So, I've been using Twitter for some time now. I think its rather useful, especially if you understand how it can benefit you.
I think, if you want to take full advantage of twitter for learning and networking, there are a few things you need to know:
- Twitter is a tool. Its neither the solution to all your problems nor the end of humanity as we know it.
- Don't care about global trends, care about relevant ones.
- Spending time on it is good, even if its about a few hours a day, just make sure that you're getting useful information out of it.
- Don't get dogmatic about following people. Follow anyone and everyone that is relevant to what you're learning.
One of the first things I did when I started using Twitter is that I started following the people relevant to what I was learning. In the Python community, there are plenty of people who are relevant like Guido Van Rossum or Alex Martelli. What's more important is these people also followed people who were relevant in their own communities. So, I started learning about guys like Raymond Hettinger and Donald Stufft. So by following Raymond Hettinger I knew about Wesley Chun, who wrote "Core Python Applications", a book that I never knew about before.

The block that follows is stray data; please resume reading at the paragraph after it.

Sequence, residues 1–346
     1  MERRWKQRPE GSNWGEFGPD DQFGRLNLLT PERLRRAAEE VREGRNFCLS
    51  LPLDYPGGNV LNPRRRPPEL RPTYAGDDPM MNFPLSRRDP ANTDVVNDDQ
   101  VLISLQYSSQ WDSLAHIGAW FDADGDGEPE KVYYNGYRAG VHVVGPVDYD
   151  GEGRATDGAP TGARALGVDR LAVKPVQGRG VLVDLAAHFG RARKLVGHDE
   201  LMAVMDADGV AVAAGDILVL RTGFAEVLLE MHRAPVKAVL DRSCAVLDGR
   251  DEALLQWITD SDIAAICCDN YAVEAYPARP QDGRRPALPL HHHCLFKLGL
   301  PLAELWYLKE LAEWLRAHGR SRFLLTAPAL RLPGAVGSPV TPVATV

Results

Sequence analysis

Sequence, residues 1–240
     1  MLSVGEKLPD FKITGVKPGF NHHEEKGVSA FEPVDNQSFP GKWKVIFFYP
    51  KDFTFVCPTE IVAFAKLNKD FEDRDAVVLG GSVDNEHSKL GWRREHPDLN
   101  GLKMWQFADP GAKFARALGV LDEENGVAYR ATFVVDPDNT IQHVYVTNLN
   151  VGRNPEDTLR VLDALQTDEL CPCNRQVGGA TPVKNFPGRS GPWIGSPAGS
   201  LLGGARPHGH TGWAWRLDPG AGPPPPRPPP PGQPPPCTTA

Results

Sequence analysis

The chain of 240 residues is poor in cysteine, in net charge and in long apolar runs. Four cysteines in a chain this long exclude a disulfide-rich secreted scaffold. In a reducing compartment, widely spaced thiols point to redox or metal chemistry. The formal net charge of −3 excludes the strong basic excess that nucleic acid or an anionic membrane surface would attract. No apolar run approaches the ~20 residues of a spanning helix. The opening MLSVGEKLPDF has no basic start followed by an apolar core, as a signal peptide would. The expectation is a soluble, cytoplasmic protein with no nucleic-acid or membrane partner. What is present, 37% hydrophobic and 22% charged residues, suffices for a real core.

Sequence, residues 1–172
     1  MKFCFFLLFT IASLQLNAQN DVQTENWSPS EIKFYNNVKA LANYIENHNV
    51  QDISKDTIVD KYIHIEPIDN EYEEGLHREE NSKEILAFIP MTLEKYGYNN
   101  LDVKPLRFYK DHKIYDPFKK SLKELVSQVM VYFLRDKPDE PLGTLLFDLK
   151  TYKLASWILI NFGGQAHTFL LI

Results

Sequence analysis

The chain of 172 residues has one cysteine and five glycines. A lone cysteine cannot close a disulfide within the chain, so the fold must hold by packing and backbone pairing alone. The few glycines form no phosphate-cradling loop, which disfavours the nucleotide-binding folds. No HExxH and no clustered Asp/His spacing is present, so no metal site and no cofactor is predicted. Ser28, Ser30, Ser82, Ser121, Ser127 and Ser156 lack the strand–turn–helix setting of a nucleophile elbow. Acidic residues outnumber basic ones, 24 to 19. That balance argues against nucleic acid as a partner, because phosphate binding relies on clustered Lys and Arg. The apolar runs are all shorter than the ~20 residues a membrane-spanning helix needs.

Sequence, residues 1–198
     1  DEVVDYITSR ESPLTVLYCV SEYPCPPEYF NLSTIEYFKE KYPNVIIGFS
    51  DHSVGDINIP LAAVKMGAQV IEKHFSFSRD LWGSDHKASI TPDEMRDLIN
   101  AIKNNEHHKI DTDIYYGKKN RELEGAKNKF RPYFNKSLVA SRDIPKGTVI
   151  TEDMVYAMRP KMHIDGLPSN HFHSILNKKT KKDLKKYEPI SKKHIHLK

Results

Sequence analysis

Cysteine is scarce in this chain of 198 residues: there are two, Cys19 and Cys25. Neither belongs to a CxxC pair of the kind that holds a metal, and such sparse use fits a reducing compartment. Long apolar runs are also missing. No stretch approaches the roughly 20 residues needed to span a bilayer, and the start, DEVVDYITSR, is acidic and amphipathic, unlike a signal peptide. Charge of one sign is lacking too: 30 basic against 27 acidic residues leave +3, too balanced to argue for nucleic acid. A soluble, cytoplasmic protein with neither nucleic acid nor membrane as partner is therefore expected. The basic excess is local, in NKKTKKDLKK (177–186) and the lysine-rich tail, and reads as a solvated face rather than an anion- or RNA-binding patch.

The reason I'm talking about all of this is that Twitter can be an excellent tool when it comes to understanding and exploring a community, as well as the hierarchy of the community. But there's more.
If you know all the hotshots of a community, it doesn't take much to realize that their collective voice is pretty much the pulse of the community and that tells you about how its doing. Recently, there have been a lot of people in the python community avidly following the happenings in the go community as well. Top programmers have started following Rob Pike and go specific twitter accounts.
So, that tells you something. Golang is going places.
People respond more willingly on twitter. It takes very little effort (compared to an email) to send a tweet. Its short and sweet, so if you want help with something, ask on Twitter.